Who wants affordable housing?
Who wants affordable housing? HG

"Tonight’s Magnolia is not the Magnolia I moved to," Janis Traven told the waning crowd just past the two and a half hour mark of the meeting. Traven, a 30 year resident of the affluent Seattle neighborhood and member of the Magnolia Community Council, had just heard a long list of speakers say they support a proposal to build affordable housing at Fort Lawton near Discovery Park. She was there with the same message.

"You are awesome," Traven told the remaining crowd. "I’m hearing people say 'yes in my back yard.'"

The meeting was a rare sight in Seattle: A Magnolia church packed with people overwhelmingly in support of a housing project. The public meeting went for three hours with only a handful of anti-homeless slights.

The city's proposal for Fort Lawton would bring around 240 new units of housing to a currently vacant decommissioned Army base. Those units would be a mix of apartments for homeless seniors, Habitat for Humanity row houses and town homes, and rent-restricted row houses for people making 60 percent of area median income ($57,600 for a family of four) or less. In total, about 600 people could live at the site, according to the city's draft environmental impact statement. A neighborhood lawsuit killed an earlier attempt at a similar project. When the city announced its intention to try again last summer, opponents responded by email and during a public meeting with comments like, "No housing, especially for homeless!?!"

Tuesday's standing-room only hearing struck the opposite tone. Activists from local urbanist groups like Seattle Tech for Housing, socialist groups including the Democratic Socialists of America, and housing organizations like Real Change, the Housing Development Consortium, and the Seattle/King County Coalition on Homelessness urged the city to move ahead with the project.

Some Magnolia residents grumbled from the back of the room at the start of the meeting, annoyed that supporters from across the city had signed up ahead of them to testify. One unnamed neighborhood resident told KING 5 he was worried about "criminals, drug addicts, [and] sex offenders." Someone called the fire department about the packed room. When firefighters arrived, the room was not at capacity, according to a fire department spokesperson.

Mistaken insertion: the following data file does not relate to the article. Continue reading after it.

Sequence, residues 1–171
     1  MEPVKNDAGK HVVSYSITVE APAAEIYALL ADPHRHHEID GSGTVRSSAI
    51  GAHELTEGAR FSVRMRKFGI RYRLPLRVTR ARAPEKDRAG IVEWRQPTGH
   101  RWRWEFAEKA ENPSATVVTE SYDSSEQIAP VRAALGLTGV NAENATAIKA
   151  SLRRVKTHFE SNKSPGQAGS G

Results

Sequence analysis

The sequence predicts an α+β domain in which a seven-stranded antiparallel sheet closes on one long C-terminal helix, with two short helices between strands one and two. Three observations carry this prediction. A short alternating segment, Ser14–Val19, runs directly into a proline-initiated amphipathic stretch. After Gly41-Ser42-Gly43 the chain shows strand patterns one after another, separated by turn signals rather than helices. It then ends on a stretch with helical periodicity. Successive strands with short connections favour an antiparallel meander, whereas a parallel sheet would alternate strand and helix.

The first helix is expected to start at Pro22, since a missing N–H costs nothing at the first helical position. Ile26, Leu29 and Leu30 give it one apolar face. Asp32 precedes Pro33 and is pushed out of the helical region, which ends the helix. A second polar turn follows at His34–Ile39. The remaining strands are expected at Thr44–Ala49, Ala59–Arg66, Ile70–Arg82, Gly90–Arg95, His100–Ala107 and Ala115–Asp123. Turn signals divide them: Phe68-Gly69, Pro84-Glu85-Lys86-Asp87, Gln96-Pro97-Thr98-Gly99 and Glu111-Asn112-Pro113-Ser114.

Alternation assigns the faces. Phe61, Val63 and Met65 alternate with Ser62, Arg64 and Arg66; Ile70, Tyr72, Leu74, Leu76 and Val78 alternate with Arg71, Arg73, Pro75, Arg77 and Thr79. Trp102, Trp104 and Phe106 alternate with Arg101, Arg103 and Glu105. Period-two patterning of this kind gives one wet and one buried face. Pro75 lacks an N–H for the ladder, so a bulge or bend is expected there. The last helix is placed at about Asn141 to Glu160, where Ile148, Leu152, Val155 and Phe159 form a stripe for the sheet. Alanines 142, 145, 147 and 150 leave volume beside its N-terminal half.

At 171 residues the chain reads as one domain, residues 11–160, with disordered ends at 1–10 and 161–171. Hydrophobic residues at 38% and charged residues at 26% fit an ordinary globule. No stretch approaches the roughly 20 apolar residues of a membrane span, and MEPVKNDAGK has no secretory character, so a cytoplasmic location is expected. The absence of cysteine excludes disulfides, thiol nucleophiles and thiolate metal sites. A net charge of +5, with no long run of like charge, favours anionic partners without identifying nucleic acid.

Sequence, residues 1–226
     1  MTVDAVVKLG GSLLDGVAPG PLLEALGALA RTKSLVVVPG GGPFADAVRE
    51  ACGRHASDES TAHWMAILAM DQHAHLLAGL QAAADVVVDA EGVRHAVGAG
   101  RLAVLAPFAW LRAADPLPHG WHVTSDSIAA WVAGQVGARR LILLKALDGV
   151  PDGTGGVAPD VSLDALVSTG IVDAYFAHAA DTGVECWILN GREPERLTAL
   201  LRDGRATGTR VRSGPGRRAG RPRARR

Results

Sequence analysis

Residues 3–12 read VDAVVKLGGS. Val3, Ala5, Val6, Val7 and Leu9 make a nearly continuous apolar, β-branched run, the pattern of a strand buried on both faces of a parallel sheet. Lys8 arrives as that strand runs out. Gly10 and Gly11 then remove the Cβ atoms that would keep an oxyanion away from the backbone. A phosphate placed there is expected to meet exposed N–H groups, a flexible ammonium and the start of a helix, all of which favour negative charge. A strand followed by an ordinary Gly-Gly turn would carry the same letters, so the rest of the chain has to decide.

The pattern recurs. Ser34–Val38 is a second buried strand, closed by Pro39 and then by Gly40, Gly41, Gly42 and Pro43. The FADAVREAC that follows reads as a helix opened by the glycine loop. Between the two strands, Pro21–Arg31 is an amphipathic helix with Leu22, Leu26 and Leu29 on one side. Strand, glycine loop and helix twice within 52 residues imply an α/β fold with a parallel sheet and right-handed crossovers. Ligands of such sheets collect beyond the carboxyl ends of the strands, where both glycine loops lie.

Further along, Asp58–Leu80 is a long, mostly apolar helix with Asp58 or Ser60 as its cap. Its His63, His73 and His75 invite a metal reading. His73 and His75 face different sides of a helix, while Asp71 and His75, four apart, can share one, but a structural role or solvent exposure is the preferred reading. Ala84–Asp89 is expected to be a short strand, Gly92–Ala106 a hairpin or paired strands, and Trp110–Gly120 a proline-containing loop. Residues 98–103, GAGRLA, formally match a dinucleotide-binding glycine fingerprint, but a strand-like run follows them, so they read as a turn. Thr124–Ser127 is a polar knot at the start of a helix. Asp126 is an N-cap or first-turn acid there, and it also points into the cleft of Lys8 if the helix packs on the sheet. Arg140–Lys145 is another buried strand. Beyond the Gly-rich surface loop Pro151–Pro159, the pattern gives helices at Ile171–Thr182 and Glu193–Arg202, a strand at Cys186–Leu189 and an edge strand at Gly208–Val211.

In testimony to the city, several opponents raised concerns about a lack of bus access to the site and the need for more schools or park land. But the overwhelming majority of those who testified supported the project.

"I have heard the same complaints repeatedly," said Anitra Freeman, who has experienced homelessness and advocated for shelter and housing projects. "There are people who do not want homeless people in their neighborhood, and they do not want low income housing in their neighborhood, and they want Seattle to solve the homelessness and housing crisis. But when the city and the hosts carry on, hold firm, and do that project, the same people stop being afraid. So, hold firm. Do this. It’s a start."

"Fort Lawton is an opportunity to act on faith," said Erica West, a community organizer for the Church Council of Greater Seattle, "to work toward the thing that’s hoped for, and create something we long to see: an answer to this crisis, an answer to the prioritization of the wealth over the neighbors who are most in need, and a resounding answer to the questions that are the center of this. Who do we value? Who do we love? Who actually gets a home in Seattle?"

Some residents and activists called for the city to expand the proposal beyond 200 units. "This is a chickenshit proposal," one Magnolia resident said. "Two hundred? I mean, come on."

Ethan Phelps-Goodman from Seattle Tech for Housing called on the city to "consider a new option, an option that will address the magnitude of the crisis that we face."

Seattle City Council members Kshama Sawant, Teresa Mosqueda, and Sally Bagshaw attended part of the meeting. Sawant's office handed out a statement in which she called the project "a positive development" but blamed "the city's political establishment" for a decade of delays in the project and the relatively small number of units now planned for the site.

"Today affordable housing activists and advocates should support this [Environmental Impact Statement] because we cannot afford any more delays to build every possible unit of affordable housing," Sawant's statement said. "Once this is approved, however, we must hold politicians accountable for such an inadequate response to the opportunity to build affordable housing and fight to expand these affordable housing opportunities in the future."

Despite the response at the public hearing, the Fort Lawton proposal remains far from a sure thing. The city's Office of Housing will consider all comments received by email and at the hearing before releasing its final environmental impact statement in the spring. And if the comments from earlier in the process are any indication, opponents won't be afraid to speak their minds in writing. After the city releases the final environmental impact statement, opponents could appeal, as they did in 2008. That effort eventually killed the earlier plan for this site.

The Office of Housing will continue taking public comment by email and mail through 5 pm on January 29. You can submit comments by email to OH_Comments@seattle.gov or by mail to: Lindsay Masters, Office of Housing, PO Box 94725, Seattle, WA 98124.

Watch video of the full hearing here.